Mentoring Partnerships: Enhancing Sustained Employee Engagement
By Sarah Ford on April 24, 2014
Our journey towards developing a mentoring partnership program model began about five years ago when we looked at the four generations in the workplace and examined how this situation affected employee productivity and performance levels. We realized that the intergenerational workforce was a key factor—with differences in communication and work styles—in sustaining employee engagement.
At the 2009 ASTD International Conference & Exposition, we presented “Sustaining Engagement & Succession Planning Through Intergenerational Conversations." This presentation included two exercises: “Who Do You Think I Am?/Who I Am!” and "Intergenerational Communication Skills."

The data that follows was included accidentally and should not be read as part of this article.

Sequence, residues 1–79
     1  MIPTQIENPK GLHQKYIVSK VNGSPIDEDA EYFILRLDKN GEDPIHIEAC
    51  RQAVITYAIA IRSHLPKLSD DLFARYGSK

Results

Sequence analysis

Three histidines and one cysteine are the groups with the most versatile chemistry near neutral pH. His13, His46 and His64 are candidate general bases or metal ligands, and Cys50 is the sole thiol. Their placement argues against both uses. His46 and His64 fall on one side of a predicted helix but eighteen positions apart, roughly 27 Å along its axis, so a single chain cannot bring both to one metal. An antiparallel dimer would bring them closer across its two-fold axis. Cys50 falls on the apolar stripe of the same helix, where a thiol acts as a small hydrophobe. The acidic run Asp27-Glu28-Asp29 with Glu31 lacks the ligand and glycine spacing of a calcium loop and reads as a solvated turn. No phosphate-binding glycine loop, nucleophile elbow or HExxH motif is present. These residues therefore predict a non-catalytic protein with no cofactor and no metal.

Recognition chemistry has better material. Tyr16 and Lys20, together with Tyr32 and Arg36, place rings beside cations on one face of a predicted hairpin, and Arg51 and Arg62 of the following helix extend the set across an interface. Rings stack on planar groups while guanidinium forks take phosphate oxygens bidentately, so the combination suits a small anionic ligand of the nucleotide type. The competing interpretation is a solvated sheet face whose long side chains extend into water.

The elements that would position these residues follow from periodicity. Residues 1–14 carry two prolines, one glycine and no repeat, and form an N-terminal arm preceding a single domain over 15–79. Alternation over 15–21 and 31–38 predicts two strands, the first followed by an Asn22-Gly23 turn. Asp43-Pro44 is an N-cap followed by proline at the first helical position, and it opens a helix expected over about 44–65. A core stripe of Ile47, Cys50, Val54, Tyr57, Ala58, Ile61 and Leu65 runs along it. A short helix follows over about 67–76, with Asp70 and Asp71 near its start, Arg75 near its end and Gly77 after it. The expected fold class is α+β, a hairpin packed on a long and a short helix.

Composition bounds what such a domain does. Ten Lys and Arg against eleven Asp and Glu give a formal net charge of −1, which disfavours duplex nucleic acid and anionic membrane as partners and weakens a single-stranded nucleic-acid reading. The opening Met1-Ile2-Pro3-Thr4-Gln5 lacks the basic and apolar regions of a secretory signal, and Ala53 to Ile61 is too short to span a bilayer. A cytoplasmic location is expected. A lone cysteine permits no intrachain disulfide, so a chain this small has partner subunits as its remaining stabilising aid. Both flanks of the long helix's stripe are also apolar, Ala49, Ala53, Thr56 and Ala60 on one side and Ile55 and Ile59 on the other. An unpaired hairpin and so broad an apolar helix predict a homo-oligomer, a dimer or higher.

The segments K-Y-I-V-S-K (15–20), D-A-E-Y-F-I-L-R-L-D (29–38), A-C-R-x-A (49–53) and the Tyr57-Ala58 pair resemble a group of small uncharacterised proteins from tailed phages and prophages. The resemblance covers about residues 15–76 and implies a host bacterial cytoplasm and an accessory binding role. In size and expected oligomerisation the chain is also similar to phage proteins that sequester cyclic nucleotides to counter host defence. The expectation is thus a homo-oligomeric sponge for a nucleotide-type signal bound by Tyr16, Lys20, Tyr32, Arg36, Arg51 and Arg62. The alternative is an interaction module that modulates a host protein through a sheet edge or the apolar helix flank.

The feedback we received encouraged our ideas and reinforced our assumption that generational relationships were changing. With additional presentations, we learned that people from different generations want to learn from each other. This was the onset of what eventually became the Mentoring Partnerships Model.
Increasingly, Boomers—the largest cohort of employees—are remaining in the workplace beyond the traditional retirement age, as are some Traditionalists. This trend is due to the existing fluid economy and increasing medical insurance costs. Additionally, people are living longer, remaining healthier, and desiring to keep active. The challenge for those who are extending their work years is understanding how to: